I was introduced to Brooke by a mutual friend, who just happens to be an editor at Vogue. She said I had to meet her. I am constantly being told that I have to meet someone or other and being that I am mildly anti-social, I usually just nod and offer some bullshit variation of “I’d love to,” and pray no one will remember.
However, when the introducing party is an editor at Vogue, one generally pays attention.
So I went to meet Brooke, for pizza.
And she was lovely. She was strikingly beautiful, with skin like a porcelain doll and black hair and bright blue eyes. Her beauty belied her darkness. I would soon learn that she was like a black widow.
We had barely finished introducing ourselves when she launched into a fascinating monologue about a series of paintings she was working on. She talked quickly and her excitement was contagious. She was effervescent and charming and funny and really smart. And while she was definitely not typical in any way, she seemed normal enough. Which is only to say she didn’t strike me as, well, dangerous.
Then again, we were eating pizza—Jeffrey Dahmer probably didn’t seem dangerous over pizza, either.
From there, we went to her studio and in the hours that followed, I wondered if my friend at Vogue was bat shit crazy. Brooke made Dahmer’s fantasies sound like a trip to Disney World.
But all fear that she would, perhaps, try to eat me dissipated the moment I entered her studio. Everything was so rich and luscious and the smell of oil paint and paint thinner was almost intoxicating. The walls were covered in giant canvases—gorgeous, sexy, reds and pinks and nudes and I couldn’t quite tell who or what they were, but they were so sensual and delicious—it was like Jenny Saville and Lucien Freud had a love child.
And then. . . I realized what I was looking at. Which felt sort of like thinking you are on a date and then realizing you are actually in the lair of a cannibal.
These were not paintings of nudes—not exactly, anyway. These were paintings of carcasses. As things came more into focus, I realized a rabbit here, a chicken there, perhaps a cow. . .rather than lovers bodies intertwined, Brooke was painting flesh. And for as taken aback as I was, I had to admit, I had never seen dead animals look so sexy before.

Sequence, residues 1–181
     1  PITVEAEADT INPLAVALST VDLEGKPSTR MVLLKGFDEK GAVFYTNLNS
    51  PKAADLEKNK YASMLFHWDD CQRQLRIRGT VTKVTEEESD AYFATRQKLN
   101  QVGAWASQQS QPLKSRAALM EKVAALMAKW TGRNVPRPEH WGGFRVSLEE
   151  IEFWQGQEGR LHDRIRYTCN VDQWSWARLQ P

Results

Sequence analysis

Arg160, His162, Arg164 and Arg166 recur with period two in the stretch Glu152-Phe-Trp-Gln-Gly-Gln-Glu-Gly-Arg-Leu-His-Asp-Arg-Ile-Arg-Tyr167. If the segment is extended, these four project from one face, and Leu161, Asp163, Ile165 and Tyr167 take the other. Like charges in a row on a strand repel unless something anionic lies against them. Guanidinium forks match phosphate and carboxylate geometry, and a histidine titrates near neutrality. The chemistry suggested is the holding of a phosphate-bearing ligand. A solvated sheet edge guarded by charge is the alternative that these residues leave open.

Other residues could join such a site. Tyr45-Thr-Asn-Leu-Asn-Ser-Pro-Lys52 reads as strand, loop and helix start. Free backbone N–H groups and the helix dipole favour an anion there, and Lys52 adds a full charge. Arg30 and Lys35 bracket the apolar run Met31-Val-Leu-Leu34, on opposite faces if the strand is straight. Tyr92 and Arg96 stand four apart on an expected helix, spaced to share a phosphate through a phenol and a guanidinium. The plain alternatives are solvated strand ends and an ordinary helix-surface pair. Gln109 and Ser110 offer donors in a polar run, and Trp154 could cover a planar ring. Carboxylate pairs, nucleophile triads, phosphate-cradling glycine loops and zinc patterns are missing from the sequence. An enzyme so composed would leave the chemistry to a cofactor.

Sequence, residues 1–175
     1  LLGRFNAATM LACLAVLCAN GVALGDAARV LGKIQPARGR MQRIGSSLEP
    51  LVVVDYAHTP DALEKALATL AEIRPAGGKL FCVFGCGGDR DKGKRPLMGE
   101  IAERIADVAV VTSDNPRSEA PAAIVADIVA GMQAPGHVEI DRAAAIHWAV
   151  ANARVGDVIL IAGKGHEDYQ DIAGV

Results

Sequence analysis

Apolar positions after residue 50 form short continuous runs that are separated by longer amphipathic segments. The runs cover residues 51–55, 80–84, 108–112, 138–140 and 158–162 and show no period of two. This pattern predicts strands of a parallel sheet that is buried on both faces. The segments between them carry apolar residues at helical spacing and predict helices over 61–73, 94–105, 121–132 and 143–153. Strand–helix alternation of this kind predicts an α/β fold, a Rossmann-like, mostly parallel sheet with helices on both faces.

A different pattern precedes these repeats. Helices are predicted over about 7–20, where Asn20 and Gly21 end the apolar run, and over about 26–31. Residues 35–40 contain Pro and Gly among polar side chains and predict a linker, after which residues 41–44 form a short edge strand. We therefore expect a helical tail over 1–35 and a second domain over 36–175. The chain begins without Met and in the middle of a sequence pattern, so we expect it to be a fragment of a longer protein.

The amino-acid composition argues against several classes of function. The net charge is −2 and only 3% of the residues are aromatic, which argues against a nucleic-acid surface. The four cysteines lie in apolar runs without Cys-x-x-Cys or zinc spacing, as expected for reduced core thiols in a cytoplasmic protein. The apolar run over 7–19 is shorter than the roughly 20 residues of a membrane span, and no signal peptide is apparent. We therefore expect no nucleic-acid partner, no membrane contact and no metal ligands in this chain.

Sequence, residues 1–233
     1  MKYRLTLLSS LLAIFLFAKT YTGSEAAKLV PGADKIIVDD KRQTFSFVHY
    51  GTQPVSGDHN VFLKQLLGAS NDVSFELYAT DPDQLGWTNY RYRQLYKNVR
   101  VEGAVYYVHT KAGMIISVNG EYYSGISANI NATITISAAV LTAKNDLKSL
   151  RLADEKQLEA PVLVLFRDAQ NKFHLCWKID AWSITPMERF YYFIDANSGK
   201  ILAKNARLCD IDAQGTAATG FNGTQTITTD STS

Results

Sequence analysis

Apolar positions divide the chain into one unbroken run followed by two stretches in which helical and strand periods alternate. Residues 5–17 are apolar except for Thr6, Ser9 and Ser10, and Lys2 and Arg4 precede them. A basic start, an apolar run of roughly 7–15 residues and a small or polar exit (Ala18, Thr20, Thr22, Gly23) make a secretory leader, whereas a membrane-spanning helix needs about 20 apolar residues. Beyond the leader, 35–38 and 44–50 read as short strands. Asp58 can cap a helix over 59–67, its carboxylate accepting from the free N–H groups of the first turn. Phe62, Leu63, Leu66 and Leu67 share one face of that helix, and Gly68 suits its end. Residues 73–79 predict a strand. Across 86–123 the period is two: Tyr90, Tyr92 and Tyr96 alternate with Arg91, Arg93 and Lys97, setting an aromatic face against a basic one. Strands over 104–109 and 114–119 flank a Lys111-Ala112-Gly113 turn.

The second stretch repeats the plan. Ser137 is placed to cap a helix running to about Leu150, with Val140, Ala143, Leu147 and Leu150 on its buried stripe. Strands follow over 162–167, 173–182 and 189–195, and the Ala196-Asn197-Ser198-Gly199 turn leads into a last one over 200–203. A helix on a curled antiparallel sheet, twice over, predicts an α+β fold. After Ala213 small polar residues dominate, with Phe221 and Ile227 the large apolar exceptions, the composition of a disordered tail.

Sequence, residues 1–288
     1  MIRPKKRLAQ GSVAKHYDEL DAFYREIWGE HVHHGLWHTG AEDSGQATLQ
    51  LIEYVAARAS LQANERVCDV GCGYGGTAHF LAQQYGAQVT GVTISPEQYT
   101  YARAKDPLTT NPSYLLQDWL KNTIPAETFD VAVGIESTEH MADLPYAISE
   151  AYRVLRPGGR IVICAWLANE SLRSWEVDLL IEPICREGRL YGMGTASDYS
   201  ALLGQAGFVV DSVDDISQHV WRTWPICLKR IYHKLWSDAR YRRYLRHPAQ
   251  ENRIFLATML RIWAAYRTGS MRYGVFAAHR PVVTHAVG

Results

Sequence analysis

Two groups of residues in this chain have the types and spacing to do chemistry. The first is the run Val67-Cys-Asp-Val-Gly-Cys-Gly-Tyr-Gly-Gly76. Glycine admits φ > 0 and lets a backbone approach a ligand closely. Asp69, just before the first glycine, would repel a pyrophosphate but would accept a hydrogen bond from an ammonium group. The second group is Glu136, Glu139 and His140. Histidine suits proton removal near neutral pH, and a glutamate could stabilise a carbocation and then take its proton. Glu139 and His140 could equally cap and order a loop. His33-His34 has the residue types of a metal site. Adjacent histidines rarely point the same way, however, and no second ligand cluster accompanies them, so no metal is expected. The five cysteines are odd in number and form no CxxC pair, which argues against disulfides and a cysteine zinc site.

I wasn’t sure what was freaking me out more, the fact that Brooke apparently collected dead bodies or that they were so mesmerizing.
I figured I had a pretty good shot at survival since she didn’t seem to paint or kill anything that actually spoke, so instead of racing to escape, I tentatively asked, “Do you, um, paint these from pictures or something? They’re so, um, realistic looking.”
Brooke looked at me, as though I had asked her the most idiotic question in the world. And then, as though she was giving me ingredients to make a cake, “God, no. I get bodies from my butcher and I paint them like they are live models and then, because they don’t last for that long, I photograph them and I paint them from the photographs.”
I threw up a little pizza in my mouth and said, “Excuse me?”
Brooke continued, “Yeah, and they are all organic,” as though this made it somehow normal that she was hoarding animal cadavers in her art studio.
Not able to think of anything else to say, the first thing that came out of my mouth was: “Don’t they smell?”
Brooke laughed. She said, “No, silly! They’re frozen.”
She went on, “The butcher knows I like the good looking animals, too, so he keeps those for me. He’s really wonderful.”
Was this girl clinically insane? I imagined her walking down the street with a skinned rabbit slung over her shoulder like a chic shoulder bag.
I was totally and completley fascinated.
Suddenly I had a million questions. “What do you do with the bodies after you paint them? How do you dispose of them? Where do you dispose of them?”
Again, as casually as if we were discussing the weather, Brooke said, “After I photographed them, I tried to give them away for consumption, because I obviously can’t eat my models, but no charity wanted them.”
She sounded surprised.
Me: “Charities? What kind of charities were you trying to give them to?"
I imagined her trying to give a dead chicken or dead baby cow, still with heads, eyes and teeth, to the manager of the local Salvation Army.
Brooke looked at me as though I was retarded. “Food charities. But like I said, no one wanted them, so I started putting them in boxes. And then I wrapped with ribbon. Finally, I thanked them for their time and it became a little ritual we share. After they are boxed and thanked, I discard them in a dumpster.”
And then, she turned around and started to mix some paint.
There are several things that should be noted here, the first and not the least of which is that Brooke is a vegetarian.
The second is that you will never meet a more intense and passionate person. It’s not just that her art is her life, but that her life is art. She lives and breathes it every second of every day. And it comes through in her work, which is so mesmerizing and arresting, it is reminiscent of Mapplethorpe’s black cocks—you don’t even realize what you’re looking at until you’ve already fallen in love with the image and then, well, it’s too late—you’re hooked.
And finally, since that fateful day that started with pizza and ended with dead bunnies, Brooke has since expanded her repertoire to include food / art. The pieces she makes are stunningly beautiful and even though they are decadently delicious, I’m always a little cautious about consuming them.
I mean, the truth is, with Brooke, you really just never know what she could slip in there. Which is part of the fun, of course.
Photography by Michael Webber